2.2. The previous UN climate change conference (COP 24) in Katowice, Poland, provided insight into the completion of the work program on the Paris Agreement implementation – a package of decisions addressing practical implementation of the Agreement. The Parties adopted the “climate package” of decisions regarding almost every issue of the work program on the Paris Agreement implementation.

2.3. The UNFCCC tasked the COP 25 (which had initially been scheduled to take place in Santiago, Chile) with settling some outstanding issues related to the “climate package”, to include the following:

2.3.1.      Provisions of Article 6 of the Paris Agreement, which allow the countries to partially achieve their internal goals of climate change mitigation using market-based mechanisms such as carbon emission quota markets;

2.3.2.      State registers for nationally determined contributions under the Paris Agreement;

2.3.3.      Providing information on adaptation measures in accordance with the Paris Agreement.

2.3.4.      The detailed conference agenda is available here.

2.4. The following decisions were made at the Madrid conference:

2.4.1.      A work program of a research character was developed on non-market cooperation (workshops, consolidated technical reports, etc.), with key areas described in detail. The first area includes joint actions on climate change adaptation and mitigation with sustainable forest management. It also singled out social and environmental aspects, as well as energy efficiency[5]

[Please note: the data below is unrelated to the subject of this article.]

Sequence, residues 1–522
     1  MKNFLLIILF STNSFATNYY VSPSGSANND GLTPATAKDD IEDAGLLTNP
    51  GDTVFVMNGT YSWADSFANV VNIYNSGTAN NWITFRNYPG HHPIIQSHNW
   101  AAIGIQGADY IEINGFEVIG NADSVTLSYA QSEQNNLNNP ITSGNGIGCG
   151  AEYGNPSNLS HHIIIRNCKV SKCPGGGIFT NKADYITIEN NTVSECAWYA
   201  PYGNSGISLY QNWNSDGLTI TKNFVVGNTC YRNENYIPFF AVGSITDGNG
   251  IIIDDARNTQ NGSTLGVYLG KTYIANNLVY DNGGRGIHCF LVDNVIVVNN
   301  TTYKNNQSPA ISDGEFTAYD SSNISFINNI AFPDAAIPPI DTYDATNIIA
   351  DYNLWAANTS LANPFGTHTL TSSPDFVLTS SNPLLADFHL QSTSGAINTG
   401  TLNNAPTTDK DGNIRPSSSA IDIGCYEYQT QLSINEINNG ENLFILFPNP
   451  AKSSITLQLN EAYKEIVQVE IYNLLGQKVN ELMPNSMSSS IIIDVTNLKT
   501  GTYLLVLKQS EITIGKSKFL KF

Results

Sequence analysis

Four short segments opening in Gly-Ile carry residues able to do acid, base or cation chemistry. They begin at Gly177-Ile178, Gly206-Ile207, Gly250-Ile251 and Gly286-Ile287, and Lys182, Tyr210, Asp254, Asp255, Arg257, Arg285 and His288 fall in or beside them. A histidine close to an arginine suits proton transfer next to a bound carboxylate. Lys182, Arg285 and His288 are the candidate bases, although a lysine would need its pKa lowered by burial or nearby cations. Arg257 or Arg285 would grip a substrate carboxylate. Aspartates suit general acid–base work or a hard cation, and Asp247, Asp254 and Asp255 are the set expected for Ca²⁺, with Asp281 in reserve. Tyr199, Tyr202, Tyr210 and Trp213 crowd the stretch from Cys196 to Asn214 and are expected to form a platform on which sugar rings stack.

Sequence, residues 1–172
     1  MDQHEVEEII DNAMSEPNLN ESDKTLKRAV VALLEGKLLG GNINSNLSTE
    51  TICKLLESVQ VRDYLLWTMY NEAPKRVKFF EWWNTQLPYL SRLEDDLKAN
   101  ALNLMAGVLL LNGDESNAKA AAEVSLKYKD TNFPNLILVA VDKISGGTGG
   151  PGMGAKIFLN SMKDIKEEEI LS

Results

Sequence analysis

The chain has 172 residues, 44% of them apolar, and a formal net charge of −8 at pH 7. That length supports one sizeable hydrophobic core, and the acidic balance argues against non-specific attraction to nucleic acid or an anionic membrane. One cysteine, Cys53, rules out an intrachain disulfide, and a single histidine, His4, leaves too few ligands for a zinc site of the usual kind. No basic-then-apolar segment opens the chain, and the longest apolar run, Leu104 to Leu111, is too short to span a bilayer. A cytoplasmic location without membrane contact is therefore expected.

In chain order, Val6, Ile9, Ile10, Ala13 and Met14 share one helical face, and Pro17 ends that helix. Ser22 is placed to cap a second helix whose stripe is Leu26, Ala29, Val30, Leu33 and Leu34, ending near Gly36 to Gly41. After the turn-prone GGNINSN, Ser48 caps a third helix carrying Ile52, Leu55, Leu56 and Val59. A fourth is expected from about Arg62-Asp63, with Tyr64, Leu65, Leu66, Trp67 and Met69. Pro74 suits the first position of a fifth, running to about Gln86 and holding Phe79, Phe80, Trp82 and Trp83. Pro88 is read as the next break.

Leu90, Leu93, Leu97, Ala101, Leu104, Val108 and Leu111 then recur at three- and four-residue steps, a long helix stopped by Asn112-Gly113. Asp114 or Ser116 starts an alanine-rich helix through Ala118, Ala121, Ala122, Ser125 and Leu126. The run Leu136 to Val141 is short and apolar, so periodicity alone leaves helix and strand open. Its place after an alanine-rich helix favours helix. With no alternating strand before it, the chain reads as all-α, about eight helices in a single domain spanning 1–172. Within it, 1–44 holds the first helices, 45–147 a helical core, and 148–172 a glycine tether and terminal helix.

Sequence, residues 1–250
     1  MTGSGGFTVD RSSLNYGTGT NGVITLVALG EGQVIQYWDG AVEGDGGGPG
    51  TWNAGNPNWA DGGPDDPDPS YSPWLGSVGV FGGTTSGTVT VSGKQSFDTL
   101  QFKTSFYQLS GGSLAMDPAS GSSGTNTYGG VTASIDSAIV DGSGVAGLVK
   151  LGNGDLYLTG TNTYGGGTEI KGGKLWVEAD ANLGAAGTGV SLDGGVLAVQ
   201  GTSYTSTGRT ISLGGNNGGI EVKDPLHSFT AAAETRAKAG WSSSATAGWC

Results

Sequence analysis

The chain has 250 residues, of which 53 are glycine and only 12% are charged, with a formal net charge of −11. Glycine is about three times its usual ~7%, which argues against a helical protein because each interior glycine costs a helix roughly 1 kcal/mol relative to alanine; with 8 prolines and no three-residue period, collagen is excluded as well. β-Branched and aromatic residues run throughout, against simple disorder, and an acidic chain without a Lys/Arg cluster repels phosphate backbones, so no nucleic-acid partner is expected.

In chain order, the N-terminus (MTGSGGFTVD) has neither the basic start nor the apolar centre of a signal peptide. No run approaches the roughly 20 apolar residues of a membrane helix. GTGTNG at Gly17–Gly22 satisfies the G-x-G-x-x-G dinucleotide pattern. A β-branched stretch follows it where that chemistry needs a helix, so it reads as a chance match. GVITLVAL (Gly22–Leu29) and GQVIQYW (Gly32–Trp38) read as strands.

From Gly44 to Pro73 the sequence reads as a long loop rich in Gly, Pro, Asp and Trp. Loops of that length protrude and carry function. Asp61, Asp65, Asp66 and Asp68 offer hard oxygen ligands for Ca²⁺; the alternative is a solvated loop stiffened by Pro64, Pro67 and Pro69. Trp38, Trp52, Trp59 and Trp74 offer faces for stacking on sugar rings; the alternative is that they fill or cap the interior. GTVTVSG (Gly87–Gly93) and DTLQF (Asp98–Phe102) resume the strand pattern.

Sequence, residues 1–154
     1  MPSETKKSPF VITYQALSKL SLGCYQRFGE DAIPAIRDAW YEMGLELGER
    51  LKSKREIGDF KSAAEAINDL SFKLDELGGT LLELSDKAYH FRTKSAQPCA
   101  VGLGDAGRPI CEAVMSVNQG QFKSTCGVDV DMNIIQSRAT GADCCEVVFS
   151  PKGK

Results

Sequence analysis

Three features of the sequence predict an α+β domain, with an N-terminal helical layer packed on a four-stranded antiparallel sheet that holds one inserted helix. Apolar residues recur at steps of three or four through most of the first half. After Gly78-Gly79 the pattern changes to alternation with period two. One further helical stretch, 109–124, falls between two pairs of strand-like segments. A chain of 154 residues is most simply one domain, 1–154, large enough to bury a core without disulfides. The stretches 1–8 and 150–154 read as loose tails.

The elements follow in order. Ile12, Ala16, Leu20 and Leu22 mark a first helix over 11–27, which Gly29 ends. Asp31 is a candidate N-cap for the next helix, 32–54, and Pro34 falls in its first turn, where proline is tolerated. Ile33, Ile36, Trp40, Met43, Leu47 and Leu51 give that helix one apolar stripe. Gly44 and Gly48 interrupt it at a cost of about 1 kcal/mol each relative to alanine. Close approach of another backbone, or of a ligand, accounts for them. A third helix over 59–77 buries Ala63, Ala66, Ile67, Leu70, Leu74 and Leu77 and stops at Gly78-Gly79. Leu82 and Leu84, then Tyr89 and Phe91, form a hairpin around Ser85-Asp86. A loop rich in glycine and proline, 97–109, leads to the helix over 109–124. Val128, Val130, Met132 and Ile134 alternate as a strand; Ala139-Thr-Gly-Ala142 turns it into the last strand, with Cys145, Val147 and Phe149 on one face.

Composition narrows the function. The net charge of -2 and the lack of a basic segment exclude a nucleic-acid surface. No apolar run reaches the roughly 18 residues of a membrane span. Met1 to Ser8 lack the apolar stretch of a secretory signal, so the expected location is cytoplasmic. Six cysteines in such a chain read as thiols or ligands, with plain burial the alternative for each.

2.5. Some progress was made in individual financing of losses and damages in the weakest and most vulnerable countries, regarding what cannot be insured and what cannot be adapted to. Earlier, well-developed countries rejected this possibility. Nowadays, pursuant to the respective UNFCCC decision, the countries went on to explore potential channels and ways of financing.

2.6. The COP 25 decisions underline the importance of ocean and coastal ecosystems, both for climate change adaptation and reduction of human impact on the climate.[6] A powerful impetus was provided for gender issues and integration of gender aspects into the climate policy.[7]  

III.The Regional and National Context